A commitment to doing more is becoming more and more difficult for many.
It concerns me, because I work in an industry in which the standards are always increasing, not decreasing - yet so often the response is "Why do we have to do that? It is more work." The problem is, I see that becoming more and more of an issue not just within the work environment but outside of it as well, where anything which does not enterain falls into the category of "boring".
I know - potentially I sound like a grumpy oldster, reminiscing on those days of yore when we pounded rocks to make our own sand. But I am also an observer of human nature, and think I have lived long enough (and certainly read enough) that I can begin to make some consclusions about cause and effect.
To succeed in anything is to do more. It is to consciously move beyond the minimum of effort to reach a higher level. The hackneyed phrase "There is no shortcut to excellence" is true. It takes more than just what we are willing to do - it takes what we must do.
I'm sure that many understand this in the context of things they like to do. Where they would disagree with me in the things they have to do: the unpleasant tasks, the boring tasks, the tasks that we "must" do. To these sorts of tasks, the thought too often is that "minimal is enough". The fact that the thought is often echoed consciously or unconsciously by those above them who are more concerned with results rather than doing things correctly and completely only strengthens this opinion.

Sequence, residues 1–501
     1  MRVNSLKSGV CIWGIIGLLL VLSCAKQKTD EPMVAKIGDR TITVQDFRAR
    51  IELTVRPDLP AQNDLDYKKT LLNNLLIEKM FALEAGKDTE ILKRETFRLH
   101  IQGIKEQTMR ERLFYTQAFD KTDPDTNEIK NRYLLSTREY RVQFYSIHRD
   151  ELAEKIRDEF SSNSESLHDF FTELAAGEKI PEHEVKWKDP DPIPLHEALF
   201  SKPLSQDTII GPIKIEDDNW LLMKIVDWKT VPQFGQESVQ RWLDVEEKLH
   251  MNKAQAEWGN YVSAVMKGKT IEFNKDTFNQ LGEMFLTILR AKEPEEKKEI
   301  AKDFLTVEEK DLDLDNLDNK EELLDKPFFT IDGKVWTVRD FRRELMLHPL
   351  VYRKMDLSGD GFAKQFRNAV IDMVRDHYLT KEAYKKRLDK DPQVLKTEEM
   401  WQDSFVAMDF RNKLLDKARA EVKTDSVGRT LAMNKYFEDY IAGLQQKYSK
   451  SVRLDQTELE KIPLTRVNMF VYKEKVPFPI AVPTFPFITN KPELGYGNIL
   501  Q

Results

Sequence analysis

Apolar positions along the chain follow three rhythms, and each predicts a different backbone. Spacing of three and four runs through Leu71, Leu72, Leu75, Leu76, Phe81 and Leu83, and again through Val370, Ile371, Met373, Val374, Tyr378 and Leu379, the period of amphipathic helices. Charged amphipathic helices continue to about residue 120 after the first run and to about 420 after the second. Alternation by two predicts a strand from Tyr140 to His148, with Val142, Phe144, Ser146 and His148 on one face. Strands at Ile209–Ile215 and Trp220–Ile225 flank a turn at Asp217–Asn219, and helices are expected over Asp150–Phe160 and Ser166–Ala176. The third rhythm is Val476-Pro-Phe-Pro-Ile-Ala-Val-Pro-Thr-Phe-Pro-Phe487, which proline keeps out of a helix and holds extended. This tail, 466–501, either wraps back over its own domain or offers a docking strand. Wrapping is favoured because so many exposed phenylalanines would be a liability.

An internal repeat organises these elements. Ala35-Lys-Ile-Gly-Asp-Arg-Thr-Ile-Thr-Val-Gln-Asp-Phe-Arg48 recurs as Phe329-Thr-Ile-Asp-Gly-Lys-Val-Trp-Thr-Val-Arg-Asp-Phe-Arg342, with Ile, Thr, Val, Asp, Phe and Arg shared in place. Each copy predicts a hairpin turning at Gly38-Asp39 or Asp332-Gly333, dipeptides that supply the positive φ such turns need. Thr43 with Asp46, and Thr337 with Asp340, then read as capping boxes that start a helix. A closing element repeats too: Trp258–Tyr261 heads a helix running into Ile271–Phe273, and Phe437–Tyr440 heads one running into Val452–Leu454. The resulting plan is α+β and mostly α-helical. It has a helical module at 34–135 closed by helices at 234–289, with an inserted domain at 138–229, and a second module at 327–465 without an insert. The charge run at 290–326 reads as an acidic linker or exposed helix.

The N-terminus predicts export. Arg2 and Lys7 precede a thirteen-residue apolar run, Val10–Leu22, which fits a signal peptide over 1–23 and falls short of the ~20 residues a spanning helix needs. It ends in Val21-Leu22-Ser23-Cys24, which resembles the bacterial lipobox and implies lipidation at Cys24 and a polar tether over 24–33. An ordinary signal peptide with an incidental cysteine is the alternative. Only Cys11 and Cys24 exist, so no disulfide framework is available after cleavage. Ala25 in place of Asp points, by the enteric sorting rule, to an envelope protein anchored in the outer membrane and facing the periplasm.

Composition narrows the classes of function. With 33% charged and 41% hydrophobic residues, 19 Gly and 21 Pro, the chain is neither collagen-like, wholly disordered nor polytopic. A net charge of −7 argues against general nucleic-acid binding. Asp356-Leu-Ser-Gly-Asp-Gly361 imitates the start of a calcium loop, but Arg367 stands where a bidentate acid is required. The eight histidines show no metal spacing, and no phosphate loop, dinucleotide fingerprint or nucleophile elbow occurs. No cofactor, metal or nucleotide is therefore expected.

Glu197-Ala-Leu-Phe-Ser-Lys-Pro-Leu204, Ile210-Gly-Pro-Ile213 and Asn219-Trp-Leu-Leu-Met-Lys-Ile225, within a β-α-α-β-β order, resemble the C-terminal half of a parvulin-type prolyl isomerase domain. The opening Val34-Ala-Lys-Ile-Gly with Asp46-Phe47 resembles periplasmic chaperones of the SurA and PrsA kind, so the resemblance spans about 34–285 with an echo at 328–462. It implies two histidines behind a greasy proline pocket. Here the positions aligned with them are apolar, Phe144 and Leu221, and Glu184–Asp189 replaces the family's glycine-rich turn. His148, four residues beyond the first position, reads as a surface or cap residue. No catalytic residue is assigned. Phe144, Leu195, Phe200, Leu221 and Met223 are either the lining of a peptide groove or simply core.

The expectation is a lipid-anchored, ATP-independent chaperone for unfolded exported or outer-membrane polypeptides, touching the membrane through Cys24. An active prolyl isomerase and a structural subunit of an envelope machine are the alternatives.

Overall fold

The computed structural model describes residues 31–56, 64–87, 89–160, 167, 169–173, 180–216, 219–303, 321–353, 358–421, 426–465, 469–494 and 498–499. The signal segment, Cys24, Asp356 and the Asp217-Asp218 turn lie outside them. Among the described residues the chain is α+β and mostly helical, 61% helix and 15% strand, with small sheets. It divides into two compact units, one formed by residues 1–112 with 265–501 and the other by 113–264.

But where does this thought pattern lead, this thought of not doing more simply because we don't like it or it bores us? We hate to consider that those who serve us would also have such an opinion - after all, our food should be fully cooked, our paint preparation fully mixed, our car to be completely fixed instead of partially fixed. In every way that impacts our lives, we believe that we should be the focus of an effort of 100% completeness, every time - even if it takes doing more.
But if that is our expectation of others, why is that not the expectation of ourselves?
The reality that history and human experience demonstrates to us is this: given long enough, a lack of doing more in even the most trivial of things becomes a habit. Habits become lifestyles. Lifestyles become the societal norm. But society is a complex mechanism involving thousands, perhaps even millions of smoothly working parts. If enough of those parts become broken - if the individual wheels of effort are removed from their axles because it is too much effort to do them - then eventually the machine will break down - and the society colllapse.
Overstating the case? Possibly. But ask yourself this: if the effort I sink into my most boring task is the same amount of effort that my mechanic sank in to fixing my brakes, would I drive my car?
Excellence is something that springs from a sincere life of effort - sine cera, without wax to hide the cracks in our plateware but as a whole which is complete and thorough. We cannot pretend to separate effort in some parts of our lives from a lack of effort in other parts of our lives and maintain that we seek to live a life of excellence.